‘One of the big problems of populism is the protection of minorities is not taken as seriously. I think cities really have a duty to protect minorities actively and give them a chance to emancipate.’
While Halsema proposes a publicly-owned digital platform to protect and police rights, others believe debating a modern ‘social contract’ with each other could help counter intolerance.
‘Tolerance is of course, on one hand, the absence of intolerance: being safe from harassment from others,’ Groot Wassink tells Dutch News.
‘But tolerance is a passive word, disinterested. It is: “I am tolerating the fact that you are here.” What goes further is acceptance. “Okay, I accept that we are different, everyone has their place, and I accept their position as equal to mine.”
‘I believe that in a city like ours, with so many differences in income, background, orientation, gender, educational levels, it is very important that we try to break the bubbles.’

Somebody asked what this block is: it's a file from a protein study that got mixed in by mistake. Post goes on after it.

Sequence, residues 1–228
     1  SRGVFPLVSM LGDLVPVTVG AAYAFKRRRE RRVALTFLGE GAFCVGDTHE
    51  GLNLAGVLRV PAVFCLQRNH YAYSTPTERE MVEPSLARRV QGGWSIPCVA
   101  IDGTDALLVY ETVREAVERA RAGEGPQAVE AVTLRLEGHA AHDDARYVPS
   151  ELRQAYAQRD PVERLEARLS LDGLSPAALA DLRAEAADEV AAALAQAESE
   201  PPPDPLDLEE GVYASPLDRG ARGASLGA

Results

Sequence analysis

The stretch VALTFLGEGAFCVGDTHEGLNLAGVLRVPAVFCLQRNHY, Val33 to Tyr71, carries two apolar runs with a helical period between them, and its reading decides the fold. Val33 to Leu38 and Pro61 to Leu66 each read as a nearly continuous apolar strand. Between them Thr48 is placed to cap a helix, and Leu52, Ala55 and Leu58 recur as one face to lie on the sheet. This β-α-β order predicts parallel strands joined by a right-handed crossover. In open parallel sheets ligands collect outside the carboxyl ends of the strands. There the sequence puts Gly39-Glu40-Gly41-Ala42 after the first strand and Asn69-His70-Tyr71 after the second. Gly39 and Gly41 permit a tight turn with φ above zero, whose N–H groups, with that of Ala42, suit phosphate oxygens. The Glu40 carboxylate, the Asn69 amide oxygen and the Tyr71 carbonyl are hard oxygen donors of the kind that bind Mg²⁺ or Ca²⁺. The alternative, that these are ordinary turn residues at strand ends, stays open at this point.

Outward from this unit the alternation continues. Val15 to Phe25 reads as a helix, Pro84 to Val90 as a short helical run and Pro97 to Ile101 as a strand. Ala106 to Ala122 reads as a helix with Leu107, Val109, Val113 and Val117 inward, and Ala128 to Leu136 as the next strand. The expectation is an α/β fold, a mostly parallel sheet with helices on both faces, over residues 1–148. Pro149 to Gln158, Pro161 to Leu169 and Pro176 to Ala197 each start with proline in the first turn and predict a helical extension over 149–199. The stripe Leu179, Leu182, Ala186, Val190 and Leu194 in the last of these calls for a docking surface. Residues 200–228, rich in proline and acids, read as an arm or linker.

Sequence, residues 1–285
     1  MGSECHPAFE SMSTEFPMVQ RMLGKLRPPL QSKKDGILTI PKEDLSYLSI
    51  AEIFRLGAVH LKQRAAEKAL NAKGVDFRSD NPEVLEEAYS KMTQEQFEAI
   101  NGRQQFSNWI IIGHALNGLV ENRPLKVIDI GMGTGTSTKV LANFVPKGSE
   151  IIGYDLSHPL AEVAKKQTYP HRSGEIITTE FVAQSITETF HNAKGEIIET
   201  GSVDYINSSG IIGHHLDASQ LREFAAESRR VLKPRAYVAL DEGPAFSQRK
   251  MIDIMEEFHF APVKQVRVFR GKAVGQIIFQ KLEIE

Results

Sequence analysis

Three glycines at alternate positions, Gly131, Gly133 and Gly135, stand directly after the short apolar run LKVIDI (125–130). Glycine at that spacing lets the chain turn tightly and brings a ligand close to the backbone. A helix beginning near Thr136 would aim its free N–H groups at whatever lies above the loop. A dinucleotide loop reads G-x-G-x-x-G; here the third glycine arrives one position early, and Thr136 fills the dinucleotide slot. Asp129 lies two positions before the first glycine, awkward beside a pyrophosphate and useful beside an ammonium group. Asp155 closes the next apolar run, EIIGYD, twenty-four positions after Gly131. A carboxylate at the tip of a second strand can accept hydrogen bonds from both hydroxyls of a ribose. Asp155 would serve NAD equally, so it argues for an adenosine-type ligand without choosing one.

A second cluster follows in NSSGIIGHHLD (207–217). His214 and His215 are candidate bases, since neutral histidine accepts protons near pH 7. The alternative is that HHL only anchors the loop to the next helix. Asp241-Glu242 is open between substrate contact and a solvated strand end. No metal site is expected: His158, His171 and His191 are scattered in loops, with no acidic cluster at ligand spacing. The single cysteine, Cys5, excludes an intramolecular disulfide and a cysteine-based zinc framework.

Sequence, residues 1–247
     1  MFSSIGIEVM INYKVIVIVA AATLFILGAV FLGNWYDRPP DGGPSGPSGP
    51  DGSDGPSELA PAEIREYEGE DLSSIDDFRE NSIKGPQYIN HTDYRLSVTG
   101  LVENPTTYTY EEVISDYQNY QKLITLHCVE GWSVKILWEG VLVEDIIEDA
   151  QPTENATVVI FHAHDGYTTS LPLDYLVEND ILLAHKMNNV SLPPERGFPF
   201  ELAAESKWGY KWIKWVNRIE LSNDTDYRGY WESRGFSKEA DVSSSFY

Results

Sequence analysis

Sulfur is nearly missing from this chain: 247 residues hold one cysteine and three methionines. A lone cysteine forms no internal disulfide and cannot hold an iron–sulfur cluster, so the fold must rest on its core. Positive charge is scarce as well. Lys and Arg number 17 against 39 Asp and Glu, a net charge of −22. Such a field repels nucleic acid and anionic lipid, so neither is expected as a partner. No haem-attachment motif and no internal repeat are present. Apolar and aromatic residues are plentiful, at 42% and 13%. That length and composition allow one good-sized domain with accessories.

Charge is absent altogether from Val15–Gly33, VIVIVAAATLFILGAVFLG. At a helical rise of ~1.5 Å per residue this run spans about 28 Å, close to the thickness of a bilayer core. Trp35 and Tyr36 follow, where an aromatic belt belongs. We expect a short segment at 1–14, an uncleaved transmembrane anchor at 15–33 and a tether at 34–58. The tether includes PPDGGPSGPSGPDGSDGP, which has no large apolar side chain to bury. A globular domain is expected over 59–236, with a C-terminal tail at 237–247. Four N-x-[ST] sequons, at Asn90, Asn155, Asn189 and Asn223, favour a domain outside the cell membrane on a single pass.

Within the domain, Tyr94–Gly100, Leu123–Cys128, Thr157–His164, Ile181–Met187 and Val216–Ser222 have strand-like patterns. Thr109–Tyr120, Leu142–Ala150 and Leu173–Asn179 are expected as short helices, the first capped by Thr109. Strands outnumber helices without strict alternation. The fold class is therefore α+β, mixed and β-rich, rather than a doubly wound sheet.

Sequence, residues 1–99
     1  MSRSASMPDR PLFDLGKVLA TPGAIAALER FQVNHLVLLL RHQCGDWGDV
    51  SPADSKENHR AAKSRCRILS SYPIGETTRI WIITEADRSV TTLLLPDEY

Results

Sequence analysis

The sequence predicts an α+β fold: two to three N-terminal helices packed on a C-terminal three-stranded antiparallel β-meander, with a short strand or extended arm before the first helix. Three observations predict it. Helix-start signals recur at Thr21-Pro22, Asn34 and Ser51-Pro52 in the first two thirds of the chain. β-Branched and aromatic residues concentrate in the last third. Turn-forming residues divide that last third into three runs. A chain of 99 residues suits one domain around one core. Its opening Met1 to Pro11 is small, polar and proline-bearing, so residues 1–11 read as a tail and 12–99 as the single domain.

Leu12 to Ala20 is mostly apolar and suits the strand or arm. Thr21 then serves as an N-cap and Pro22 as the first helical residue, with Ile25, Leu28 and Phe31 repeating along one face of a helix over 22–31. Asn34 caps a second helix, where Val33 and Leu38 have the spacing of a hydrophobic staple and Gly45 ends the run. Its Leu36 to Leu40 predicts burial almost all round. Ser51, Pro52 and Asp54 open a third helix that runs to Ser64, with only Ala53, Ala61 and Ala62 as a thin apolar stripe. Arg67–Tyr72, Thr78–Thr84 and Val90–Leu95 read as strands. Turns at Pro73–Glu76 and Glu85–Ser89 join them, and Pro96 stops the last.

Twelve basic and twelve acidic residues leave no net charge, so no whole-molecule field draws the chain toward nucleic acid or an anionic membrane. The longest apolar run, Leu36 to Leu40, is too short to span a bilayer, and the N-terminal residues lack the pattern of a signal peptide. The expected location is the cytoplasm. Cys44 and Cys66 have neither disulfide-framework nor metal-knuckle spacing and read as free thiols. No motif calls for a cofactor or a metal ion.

The Dutch version of tolerance has arguably also been defined by a kind of wilful ignorance: a society based on pillars of religion and politics, where different groups had their own political parties, newspapers, television stations and sports clubs (and ignored the others). Today, some worry, ultra-individualism and selfishness have eaten away at even those ties.
‘That crazy individualism has its limits,’ says GroenLinks politician Groot Wassink. ‘I do see a lot of people looking for a new kind of community spirit. Not in a village-y way, not seeking social control, but asking what their relevance and relationship is with others.’
In one session in the conference in January, associate professor of philosophy at the American University at Buffalo Ryan Muldoon, argued that tolerance can give everyone more freedom, especially in cities. ‘A core feature of a more tolerant society is that we can conceive of ourselves as civic friends who might disagree about some things, rather than being enemies,’ he said.